Tuesday, January 5, 2010

Culture Warriors

Ever since the issue of Women at the Wall presented itself for the upteenth time on December 4, 2009 I started connecting the dots between that and other issues that gnaw at the religious sensitivities of the haredi community whether in Israel or abroad. A series of issues have presented themselves that all share in common one thing: the haredi revulsion and rejection of western values, preferring to live in the dark ages as their Muslim cousins have chosen. Issues like the parking lot open on Shabbat in Jerusalem, Intel conducting business on Shabbat, gays living openly and proudly in Israeli society, the spitting on Greek and Armenian Orthodox priests in Jerusalem by haredi pedestrians, women shoved violently into the back of the bus on certain lines and non-recognition of any conversion other than the corrupted brand of the haredi rabbinic leadership.

The issue for me is no longer who is right and who is wrong. The issue isn’t why there isn’t more tolerance, the issue is why have the haredi community reduced themselves to the level of their Muslim neighbors who are still living in the dark ages.

Interestingly, Muslim and haredi men tend towards misogyny and treating their women like inferiors. It’s at moments like this that I am deeply ashamed of certain segments of my people. “Blessed are you the Lord for not having made me a woman”, chanted every morning by orthodox men. Not very flattering you may wonder? But wait. This was anticipated by our enlightened brothers and has been explained away in very placating words by Aish, Chabad and other tuchas licking groups seeking to ingratiate themselves to the non-religious with the hope of a fast conversion. BS. They are misogynists - and it isn’t surprising. Consider repeating the same prayer day in and day out over centuries. The message certainly does seep in through the natural process of osmosis. Couple that with other proscribed behavior of women by the community such as separate seating at social events, limiting the voice and political power of women within the kehilla, curtail women’s ability to serve in ritual capacities such as mohel, shochet and mashgiach (a few eked in through the back door recently) and you have the subliminal message reaching fruition in the minds of men that women are inferior. It isn’t surprising then that haredim have no compunctions about kicking them to the back of the bus. Americans did that to blacks under the Jim Crow laws.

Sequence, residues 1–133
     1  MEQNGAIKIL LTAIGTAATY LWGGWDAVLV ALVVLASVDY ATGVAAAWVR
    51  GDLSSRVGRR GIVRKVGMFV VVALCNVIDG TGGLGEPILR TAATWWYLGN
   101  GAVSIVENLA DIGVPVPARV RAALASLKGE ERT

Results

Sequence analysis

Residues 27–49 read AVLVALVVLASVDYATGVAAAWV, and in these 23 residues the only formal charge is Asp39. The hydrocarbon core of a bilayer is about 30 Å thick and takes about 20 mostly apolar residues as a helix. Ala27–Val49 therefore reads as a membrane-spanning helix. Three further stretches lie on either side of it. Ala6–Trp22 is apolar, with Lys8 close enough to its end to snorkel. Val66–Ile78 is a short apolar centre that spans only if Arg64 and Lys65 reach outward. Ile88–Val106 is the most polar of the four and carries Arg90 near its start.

These are some of the reasons why I find the women of the wall conflagration so interesting. Personally I find it very distasteful to see a woman in a tallit. It does nothing for them (or to me) and rarely does it ever compliment their clothing or enhance their figure. Having said that I respect their right to wear a tallit on the streets of Israel, the streets of Yerushalayim and at the kotel. For some reason the haredi community has a flawed notion that their brand of Judaism is the authentic one, the real thing, and everything else is ersatz. Not true. I’ve said it many times before – we are all authentic Jews. Any Jew identifying with the fate of the Jewish people is authentic regardless of level of shemirat mitzvoth; whether you wear a gartel or go bear headed (nezach yisrael lo yishaker). The wall belongs to the Jewish people. It is a national monument, holy and ought to be accessible to all Jews to pray in any way that they find appropriate. The argument put forth by the haredi community that it is offensive to see women in a tallit and that it offends “public sensitivities” is specious. Have the haredi community ever considered the fact that their appearance is offensive to much of the public in the streets of Israel and the United States? Should they be prohibited from walking the streets of Tel Aviv or visiting the museums and other cultural centers? Have they forgotten the Nuremberg laws of 1935?

Six months ago I had Shabbat dinner at he home of traditional Jews who happened to have befriended the local Armenian priest who happened to be invited to his first Shabbat meal. During the course of the meal he related that he studied in Jerusalem. I asked him how he liked it, but to my chagrin had few kind words to say. He made a point of telling me that he had been spit at on numerous occasions by haredi Jews. I didn’t believe him and challenged him politely at the Shabbat table. My wife reminded me that we were guests and that I was quickly approaching the line of good and bad manners. Until I read about the spitting at the Greek Orthodox in the Jerusalem Post several weeks ago I never would have imagined that my people were capable of this. Boy was I ever wrong. Once we were on the receiving end. Have we forgotten so quickly? Have we learned nothing since the 1935 Nuremberg laws? Apparently not …because our fervently religious spiritual brothers, claiming to be following in the steps of Avraham Avenu see fit to spit in the face of other human beings walking the streets of Yerushalayim. L’on heganu?